Property Division In Tennessee: Factors Considered In Divorce Cases
Residency and Filing RequirementsIn order to file for divorce in Tennessee, the filing spouse must be a resident of the state at the time the grounds for divorce took place. If the grounds occurred outside of Tennessee, however, then one of the spouses must have been a resident for the six months prior to filing.
If you are unsure whether you meet these residency requirements, then you should contact a divorce attorney to determine the proper place to file.
Grounds for FilingThere are two types of divorces available: No-fault or at-fault.
- No-Fault: If you have irreconcilable differences where both parties agree to a divorce and you are able to agree on all matters involving division of property and debt, custody and visitation, and child support, then you may file for a no-fault divorce.
- At-Fault: There are many ways for a spouse to file for an at-fault divorce. Justifications include if either partner is impotent, one spouse has committed adultery, has been convicted of a felony with imprisonment, suffers from substance abuse, or serious neglect has occurred, among others.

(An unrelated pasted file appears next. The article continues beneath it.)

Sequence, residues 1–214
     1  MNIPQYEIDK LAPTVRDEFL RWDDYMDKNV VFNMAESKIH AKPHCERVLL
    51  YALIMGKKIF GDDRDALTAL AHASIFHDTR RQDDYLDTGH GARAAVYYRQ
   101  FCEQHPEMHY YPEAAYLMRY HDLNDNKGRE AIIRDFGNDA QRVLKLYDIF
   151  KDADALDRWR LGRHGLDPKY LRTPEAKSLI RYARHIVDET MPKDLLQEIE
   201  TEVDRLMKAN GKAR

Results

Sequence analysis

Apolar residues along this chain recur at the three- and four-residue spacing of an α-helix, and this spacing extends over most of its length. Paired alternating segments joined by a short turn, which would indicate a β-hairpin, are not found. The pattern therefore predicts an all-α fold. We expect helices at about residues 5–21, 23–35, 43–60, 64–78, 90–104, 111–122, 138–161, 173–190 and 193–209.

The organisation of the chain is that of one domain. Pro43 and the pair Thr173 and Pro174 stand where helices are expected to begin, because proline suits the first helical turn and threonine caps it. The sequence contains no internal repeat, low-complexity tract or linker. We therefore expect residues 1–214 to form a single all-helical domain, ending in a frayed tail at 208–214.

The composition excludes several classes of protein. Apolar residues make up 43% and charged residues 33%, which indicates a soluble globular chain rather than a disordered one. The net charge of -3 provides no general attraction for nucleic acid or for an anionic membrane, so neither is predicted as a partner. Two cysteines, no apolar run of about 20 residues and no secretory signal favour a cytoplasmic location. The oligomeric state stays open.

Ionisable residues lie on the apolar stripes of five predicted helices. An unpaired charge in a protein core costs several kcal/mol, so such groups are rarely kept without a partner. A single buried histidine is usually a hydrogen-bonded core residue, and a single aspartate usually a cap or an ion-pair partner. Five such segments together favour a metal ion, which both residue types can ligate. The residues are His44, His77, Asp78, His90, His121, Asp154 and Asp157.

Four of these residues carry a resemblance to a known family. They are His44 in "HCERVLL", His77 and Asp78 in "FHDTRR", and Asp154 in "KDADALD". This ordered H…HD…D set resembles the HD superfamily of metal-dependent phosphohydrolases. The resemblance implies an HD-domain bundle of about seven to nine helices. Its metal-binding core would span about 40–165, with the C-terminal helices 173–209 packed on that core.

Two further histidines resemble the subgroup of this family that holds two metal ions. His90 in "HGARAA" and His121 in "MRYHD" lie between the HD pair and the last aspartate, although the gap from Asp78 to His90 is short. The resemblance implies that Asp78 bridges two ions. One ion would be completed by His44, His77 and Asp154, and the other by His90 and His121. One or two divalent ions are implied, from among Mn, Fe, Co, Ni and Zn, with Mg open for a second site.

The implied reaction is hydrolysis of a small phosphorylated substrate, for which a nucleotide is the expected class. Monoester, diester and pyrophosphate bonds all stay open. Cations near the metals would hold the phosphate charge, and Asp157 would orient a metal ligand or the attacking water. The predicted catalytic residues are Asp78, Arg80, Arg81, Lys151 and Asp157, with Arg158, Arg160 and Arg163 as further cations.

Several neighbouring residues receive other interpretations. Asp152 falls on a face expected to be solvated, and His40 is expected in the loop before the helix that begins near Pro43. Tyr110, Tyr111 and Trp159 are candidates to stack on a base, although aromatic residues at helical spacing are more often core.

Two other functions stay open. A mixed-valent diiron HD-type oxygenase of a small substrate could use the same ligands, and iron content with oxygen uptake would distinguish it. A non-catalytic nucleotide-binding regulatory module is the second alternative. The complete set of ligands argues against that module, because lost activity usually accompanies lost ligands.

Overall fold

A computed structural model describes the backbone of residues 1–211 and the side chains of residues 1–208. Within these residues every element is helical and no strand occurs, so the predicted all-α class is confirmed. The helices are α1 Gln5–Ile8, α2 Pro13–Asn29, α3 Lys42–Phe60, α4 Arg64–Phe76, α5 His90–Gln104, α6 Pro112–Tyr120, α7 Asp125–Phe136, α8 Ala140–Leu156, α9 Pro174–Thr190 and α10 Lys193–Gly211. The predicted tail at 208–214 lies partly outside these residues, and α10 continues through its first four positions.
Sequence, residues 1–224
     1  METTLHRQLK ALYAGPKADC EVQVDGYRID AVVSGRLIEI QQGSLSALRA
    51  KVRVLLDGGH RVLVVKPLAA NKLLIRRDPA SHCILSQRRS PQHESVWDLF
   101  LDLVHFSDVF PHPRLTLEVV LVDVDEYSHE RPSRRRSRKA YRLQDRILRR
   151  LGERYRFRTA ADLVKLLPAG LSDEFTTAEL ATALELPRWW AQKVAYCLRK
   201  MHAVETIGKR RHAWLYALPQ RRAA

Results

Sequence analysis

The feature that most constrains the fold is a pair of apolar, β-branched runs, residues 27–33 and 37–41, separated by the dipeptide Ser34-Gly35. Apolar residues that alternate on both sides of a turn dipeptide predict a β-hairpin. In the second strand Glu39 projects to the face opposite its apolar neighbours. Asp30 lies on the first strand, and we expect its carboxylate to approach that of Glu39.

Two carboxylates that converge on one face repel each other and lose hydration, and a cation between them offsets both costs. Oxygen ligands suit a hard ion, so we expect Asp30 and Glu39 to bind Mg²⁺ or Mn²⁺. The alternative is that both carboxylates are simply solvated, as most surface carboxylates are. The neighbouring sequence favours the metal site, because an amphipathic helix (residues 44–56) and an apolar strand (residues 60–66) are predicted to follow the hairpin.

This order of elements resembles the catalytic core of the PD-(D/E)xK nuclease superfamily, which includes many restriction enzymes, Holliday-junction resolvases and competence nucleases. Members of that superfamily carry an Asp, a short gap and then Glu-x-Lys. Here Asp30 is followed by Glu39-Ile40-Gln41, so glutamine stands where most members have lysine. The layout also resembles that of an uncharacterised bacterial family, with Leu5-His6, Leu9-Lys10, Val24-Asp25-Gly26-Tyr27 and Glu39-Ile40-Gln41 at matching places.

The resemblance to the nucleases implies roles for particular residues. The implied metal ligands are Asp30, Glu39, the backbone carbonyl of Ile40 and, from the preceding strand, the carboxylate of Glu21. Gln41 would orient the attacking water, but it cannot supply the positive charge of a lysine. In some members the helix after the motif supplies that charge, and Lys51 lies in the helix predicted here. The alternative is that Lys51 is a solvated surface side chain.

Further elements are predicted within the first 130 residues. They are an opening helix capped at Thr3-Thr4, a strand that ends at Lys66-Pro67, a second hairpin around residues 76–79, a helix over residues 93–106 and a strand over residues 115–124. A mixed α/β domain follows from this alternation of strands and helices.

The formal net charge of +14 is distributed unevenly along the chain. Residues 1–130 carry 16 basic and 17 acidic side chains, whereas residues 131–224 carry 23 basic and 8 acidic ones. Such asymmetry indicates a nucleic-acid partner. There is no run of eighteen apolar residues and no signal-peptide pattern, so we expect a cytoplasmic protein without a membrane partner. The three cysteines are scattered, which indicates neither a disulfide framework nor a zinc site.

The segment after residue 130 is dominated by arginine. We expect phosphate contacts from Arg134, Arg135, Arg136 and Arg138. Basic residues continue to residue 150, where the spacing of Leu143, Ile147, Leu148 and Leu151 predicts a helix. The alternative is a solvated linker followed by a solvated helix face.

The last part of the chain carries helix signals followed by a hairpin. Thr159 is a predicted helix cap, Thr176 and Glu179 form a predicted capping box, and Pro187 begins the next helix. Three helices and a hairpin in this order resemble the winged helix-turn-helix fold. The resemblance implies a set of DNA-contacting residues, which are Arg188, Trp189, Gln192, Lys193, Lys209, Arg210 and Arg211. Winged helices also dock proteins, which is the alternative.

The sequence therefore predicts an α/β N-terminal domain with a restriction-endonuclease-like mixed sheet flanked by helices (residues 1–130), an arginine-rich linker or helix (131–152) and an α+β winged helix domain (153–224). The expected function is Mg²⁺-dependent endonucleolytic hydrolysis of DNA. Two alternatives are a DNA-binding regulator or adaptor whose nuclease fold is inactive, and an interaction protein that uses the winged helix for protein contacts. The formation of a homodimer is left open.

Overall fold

Property Division Factors
Often both spouses mutually agree to divide marital property without involving the courts. However, when state involvement becomes necessary, Tennessee uses the “equitable distribution” method.
The court will initially classify which property and debt is marital and which is separate. Next, the court will assign each item a monetary value and ultimately divide the property in a fair (not necessarily equal) manner.
According to DivorceSupport.com, the court will consider the following factors when dividing the property.
- The contribution of each spouse for the acquisition and preservation of the property
- The economic situation of both spouses at the time of property division
- The length of the marriage
- The age and health of the spouses
- The employability and earning capacity of the spouses